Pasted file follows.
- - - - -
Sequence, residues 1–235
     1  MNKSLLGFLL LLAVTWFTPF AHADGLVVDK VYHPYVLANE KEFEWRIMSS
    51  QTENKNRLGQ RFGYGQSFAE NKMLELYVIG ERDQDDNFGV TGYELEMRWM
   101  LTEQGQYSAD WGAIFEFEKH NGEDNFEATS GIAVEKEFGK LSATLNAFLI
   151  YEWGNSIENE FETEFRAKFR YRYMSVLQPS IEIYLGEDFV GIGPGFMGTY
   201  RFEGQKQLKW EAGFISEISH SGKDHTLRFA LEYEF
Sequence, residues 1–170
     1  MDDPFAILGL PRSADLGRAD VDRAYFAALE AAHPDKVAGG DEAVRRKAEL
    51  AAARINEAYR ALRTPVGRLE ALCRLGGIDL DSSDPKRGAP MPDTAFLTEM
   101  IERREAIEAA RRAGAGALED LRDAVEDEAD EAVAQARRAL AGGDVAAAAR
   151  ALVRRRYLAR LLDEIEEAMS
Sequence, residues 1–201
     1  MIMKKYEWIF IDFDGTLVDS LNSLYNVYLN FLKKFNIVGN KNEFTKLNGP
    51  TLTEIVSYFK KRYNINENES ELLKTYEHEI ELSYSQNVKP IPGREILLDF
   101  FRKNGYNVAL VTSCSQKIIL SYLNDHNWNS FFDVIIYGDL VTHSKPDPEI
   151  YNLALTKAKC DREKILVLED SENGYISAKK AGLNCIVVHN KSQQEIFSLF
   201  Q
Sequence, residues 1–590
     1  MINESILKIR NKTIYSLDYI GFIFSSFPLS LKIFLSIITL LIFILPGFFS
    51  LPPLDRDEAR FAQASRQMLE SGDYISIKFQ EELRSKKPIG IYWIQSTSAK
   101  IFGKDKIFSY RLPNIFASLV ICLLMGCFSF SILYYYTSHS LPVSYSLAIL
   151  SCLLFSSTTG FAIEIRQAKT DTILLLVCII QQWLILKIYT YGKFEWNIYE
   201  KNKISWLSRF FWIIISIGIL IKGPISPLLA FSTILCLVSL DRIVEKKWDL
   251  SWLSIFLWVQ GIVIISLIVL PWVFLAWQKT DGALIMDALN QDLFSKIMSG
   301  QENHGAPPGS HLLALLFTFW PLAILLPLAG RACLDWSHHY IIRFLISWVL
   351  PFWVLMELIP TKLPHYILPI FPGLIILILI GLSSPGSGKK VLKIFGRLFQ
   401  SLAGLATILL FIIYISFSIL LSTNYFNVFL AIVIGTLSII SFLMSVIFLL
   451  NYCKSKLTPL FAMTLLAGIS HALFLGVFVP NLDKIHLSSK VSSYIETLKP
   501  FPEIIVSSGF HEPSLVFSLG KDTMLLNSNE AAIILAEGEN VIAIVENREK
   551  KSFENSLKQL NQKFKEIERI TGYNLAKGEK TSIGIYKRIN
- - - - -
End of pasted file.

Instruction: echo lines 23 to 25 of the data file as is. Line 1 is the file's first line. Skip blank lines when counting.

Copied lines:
   201  KNKISWLSRF FWIIISIGIL IKGPISPLLA FSTILCLVSL DRIVEKKWDL
   251  SWLSIFLWVQ GIVIISLIVL PWVFLAWQKT DGALIMDALN QDLFSKIMSG
   301  QENHGAPPGS HLLALLFTFW PLAILLPLAG RACLDWSHHY IIRFLISWVL